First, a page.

Mr. Tewroh Wehtoe Sungbeh, like us be like Mr. Cyrus W. Tarpeh to speak to the fact in our County. If voting were not done on the tribal basis, maverick politician like Hon. Oscar J. Quiah would have won the election. I have been following your articles on just Hon. Mabutu Nyenpan and not Hon. J. Milton Teahjay who is the most controversial person for our County.
What some of us are wishing for is good leadership in our County change your mentality and let us focus for the betterment of the county. First, I make no apologies of where I was born whom I was born to and my extremely privileged and comfortable upbringing. Like you said you were living in Juarzon like Hon. J. Milton Teahjay who himself born and raised in Juarzon, we were taught to be fair, bold and courageous, eloquence, forthrightness and pursuit of the truth, humblest, and down to earth. Like you Mr. Tewroh Wehtoe Sungbeh, my great grand parents are Kru on my mother side the Nyanpan, the Pajibo, and the Jappah. Mr. Tewroh Wehtoe Sungbeh, I will be delighted when every child of our County has a roof over his or her head do not go hungry, is educated and fulfills his or her ambitions that is the County we must build.The trouble for Teahjah is not over yet he is still needed.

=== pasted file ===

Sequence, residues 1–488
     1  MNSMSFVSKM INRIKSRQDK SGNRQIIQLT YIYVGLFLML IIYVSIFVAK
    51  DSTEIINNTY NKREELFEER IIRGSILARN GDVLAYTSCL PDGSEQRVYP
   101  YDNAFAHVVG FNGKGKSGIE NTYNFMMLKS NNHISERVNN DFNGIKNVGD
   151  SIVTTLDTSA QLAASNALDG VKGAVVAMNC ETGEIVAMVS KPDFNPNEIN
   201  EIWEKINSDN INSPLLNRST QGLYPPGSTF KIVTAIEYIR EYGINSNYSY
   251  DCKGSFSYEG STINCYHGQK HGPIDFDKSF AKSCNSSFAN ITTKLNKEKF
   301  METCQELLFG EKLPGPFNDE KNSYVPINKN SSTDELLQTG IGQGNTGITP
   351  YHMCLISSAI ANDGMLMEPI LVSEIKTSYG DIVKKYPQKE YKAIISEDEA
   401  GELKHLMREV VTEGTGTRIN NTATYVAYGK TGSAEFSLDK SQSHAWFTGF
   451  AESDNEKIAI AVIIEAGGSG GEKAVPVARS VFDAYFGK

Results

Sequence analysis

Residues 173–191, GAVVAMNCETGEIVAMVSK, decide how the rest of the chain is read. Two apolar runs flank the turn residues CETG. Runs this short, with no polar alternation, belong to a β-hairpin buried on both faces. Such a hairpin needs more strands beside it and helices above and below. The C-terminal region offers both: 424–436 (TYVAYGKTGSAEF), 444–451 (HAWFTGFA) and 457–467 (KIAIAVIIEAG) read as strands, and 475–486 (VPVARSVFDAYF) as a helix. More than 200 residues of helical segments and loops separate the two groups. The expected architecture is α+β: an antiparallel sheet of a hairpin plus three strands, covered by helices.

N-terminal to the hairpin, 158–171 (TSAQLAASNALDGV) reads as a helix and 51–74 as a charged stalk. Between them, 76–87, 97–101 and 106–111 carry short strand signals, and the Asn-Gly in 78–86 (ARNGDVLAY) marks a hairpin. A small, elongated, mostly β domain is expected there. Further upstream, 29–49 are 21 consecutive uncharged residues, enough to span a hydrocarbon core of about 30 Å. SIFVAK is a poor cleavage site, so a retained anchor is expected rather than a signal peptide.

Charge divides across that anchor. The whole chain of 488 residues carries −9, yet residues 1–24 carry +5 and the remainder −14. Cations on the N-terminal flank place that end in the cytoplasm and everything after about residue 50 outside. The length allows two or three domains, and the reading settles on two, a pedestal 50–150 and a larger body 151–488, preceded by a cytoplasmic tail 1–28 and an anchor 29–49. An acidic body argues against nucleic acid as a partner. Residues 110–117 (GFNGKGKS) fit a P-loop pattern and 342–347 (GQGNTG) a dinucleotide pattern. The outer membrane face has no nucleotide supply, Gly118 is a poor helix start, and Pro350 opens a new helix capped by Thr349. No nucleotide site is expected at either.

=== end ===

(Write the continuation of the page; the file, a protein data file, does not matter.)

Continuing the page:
Hamilton B. Kayee
Editor’s Note:
Mr. Kayee
Where have you been, Mr. Kayee? I have written extensively about Teahjay and his controversial politics, since he burst onto the national scene years ago. Since then, he and I have been at loggerheads (ask his nephew Rufus Darkortey). So I don’t really know where you got this thing about me not writing about Teahjay, but Nyenpan. You also said: “Tewroh Wehtoe Sungbeh is a pure bedrock of tribal politics.” Laughable indeed. You just don’t know me.
Tewroh-Wehtoe Sungbeh